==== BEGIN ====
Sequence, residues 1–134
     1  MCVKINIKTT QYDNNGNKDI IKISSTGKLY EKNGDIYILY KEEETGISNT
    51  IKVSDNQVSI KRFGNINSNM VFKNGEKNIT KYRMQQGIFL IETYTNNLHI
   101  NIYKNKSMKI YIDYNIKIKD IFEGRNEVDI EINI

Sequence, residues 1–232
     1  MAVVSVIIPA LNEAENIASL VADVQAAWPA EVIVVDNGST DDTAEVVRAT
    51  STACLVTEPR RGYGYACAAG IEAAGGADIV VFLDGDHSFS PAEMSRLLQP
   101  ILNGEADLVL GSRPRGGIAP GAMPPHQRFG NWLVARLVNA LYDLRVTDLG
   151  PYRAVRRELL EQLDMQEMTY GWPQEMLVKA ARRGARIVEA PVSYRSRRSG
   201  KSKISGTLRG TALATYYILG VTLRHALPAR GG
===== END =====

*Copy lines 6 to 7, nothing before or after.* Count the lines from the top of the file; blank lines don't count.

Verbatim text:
     1  MAVVSVIIPA LNEAENIASL VADVQAAWPA EVIVVDNGST DDTAEVVRAT
    51  STACLVTEPR RGYGYACAAG IEAAGGADIV VFLDGDHSFS PAEMSRLLQP